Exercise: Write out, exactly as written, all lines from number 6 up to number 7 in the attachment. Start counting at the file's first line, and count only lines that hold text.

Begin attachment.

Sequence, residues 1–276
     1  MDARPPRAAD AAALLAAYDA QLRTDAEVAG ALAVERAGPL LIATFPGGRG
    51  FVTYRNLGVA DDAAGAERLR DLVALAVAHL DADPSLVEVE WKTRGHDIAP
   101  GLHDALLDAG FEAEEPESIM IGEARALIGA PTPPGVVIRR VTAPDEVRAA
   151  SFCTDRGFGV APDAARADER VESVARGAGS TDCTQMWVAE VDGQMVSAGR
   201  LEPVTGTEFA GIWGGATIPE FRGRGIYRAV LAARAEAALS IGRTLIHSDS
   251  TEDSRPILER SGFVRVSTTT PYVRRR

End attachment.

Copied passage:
   201  LEPVTGTEFA GIWGGATIPE FRGRGIYRAV LAARAEAALS IGRTLIHSDS
   251  TEDSRPILER SGFVRVSTTT PYVRRR